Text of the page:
California’s Trifecta of Disasters

Heatwave hits California

Californians have been experiencing a trifecta of natural disasters in early August with wildfires, high temperatures, and poor air quality striking most of the northern regions of the state.

Over the past few weeks, California had been experiencing a heatwave that yielded unprecedented temperatures. The most extreme of which cases was in Death Valley National Park where the highest temperature, 130 degrees, was recorded since 1913. As temperatures increased before the heatwave, wildfires had already begun to spread in Southern California. For the first time since 2001, California electricity providers instituted rolling blackouts to prevent further wildfires as a result of high energy usage.

Thunderstorms and high temperatures spark multiple wildfires

When the heatwave hit California, wildfires had begun burning all across California. Additionally, Northern California experienced several dry thunderstorms which further exacerbated the intensity and quantity of wildfires in Northern California. Dry thunderstorms are especially dangerous compared to wet thunderstorms due to the lack of rain.

Currently there are almost 30 wildfires burning all across California. Most of the wildfires are occurring near the San Francisco Bay area. The largest active wildfire in California is the Scu Lightning Complex fire which has burned 365,772 acres. The wildfire started on August 18th and is currently 20% contained.

State landmark devastated by wildfire

Among the lands damaged during the lightning-sparked wildfires is the oldest state park in California called Big Basin Redwoods State Park. The CZU Lightning Complex fire destroyed several structures including the headquarters building, main lodge, ranger station, and nature museum in the state park. The state park known for its groves of redwoods hosted thousands of visitors each year. However, there is hope that the park will be reborn as redwoods are extremely resilient and often resist or resprout following a wildfire.

Poor air quality

With the many active wildfires near the Bay Area, the air quality the past few days has skyrocketed. The change in air quality was so drastic that many Bay Area residents could not see past mountains in the distance and it seemed as if there was a orange-yellow filter everywhere residents looked.

According to the Bay Area Air Quality Management District(BAAQMD), all measurements in the Bay Area increased from averages of 50-60 on the air quality index in July to averages of 140 on the air quality index in August. Most of the pollution and poor air quality has been caused by PM 2.5(particulate matter 2.5) and ozone.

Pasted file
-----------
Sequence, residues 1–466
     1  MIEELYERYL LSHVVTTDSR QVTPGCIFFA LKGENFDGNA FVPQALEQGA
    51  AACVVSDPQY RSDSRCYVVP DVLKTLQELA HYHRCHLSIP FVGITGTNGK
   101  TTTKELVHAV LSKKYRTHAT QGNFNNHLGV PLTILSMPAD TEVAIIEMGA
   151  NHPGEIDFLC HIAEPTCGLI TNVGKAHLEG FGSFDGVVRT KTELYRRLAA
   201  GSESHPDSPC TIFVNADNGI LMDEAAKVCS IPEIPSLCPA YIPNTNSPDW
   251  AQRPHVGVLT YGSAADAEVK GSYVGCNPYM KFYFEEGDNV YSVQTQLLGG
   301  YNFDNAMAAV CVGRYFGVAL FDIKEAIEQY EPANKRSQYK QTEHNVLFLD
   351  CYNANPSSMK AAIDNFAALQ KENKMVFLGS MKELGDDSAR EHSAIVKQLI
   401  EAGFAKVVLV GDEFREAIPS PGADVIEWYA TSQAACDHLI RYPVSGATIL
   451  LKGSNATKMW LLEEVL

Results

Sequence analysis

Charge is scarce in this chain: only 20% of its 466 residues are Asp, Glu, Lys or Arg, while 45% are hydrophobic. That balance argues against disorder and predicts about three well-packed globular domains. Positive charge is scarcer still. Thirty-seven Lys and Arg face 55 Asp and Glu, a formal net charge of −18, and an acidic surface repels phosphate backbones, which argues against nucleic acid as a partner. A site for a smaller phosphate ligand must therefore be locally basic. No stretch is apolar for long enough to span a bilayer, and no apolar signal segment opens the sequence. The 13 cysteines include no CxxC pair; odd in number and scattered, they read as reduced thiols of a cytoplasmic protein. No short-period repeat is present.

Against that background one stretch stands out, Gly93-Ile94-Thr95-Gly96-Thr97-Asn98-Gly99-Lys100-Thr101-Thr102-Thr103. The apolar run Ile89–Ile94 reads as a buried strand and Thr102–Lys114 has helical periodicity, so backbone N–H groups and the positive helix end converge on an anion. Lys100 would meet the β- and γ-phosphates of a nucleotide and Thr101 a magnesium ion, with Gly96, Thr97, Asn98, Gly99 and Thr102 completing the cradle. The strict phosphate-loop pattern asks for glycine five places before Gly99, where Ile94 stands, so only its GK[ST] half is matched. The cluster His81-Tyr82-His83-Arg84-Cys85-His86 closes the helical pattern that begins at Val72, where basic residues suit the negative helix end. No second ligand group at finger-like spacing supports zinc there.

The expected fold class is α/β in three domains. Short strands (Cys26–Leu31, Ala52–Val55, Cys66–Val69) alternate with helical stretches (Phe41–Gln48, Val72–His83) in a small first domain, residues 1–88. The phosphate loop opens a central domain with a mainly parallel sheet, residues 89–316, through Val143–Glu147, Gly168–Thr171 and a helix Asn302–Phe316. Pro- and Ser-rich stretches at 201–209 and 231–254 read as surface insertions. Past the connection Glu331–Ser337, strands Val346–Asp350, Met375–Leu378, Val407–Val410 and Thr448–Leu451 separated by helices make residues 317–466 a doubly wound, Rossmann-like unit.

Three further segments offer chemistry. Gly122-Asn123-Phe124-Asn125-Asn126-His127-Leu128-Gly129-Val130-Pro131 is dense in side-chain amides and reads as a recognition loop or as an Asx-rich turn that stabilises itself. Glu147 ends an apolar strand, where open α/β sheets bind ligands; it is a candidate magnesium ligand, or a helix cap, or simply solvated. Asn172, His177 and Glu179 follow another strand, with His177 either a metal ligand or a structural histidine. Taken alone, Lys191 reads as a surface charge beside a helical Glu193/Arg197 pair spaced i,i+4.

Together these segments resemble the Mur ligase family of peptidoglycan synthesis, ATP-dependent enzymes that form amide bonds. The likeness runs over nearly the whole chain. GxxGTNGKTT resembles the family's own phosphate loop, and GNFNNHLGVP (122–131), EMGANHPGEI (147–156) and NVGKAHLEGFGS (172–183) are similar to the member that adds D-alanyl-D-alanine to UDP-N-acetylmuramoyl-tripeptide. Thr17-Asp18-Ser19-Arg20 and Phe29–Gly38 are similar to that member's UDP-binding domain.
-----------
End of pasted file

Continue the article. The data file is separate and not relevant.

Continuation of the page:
The culmination of the difficulties of the trifecta of poor air quality, wildfires, and high temperatures was felt by residents because they were forced to close all windows, doors, and other forms of air circulation to prevent the polluted air from entering their houses. With the high temperatures still looming over the Bay Area, the lack of air circulation to cool indoor temperatures when outdoor temperatures cooled at night was especially difficult.

On top of this, California governor Gavin Newsom advised residents to reduce energy use in new briefings in order to reduce the chances of more wildfires starting. In other words, residents lacked proper air circulation and were recommended against the use of fans during peak energy usage hours.

These disasters are also occurring while the coronavirus pandemic has shut down the golden state. Thus, for those who do want to go out despite the poor outdoor conditions, they needed to use a specific type of N95 mask that would be effective for filtering poor air quality and prevent droplets from getting out of the mask.

Temperatures cool

Temperatures have begun to drop this week and the air quality has also gotten better during the night time in the Bay Area. However, this may be short-lived as ABC7 News Meteorologist, Mike Nicco, predicts temperatures to rise again later this month. “For the entire Bay Area, models show average or below average highs beginning around Aug. 29, about 12 days from now” he said on August 17th.

Author: The Pulse

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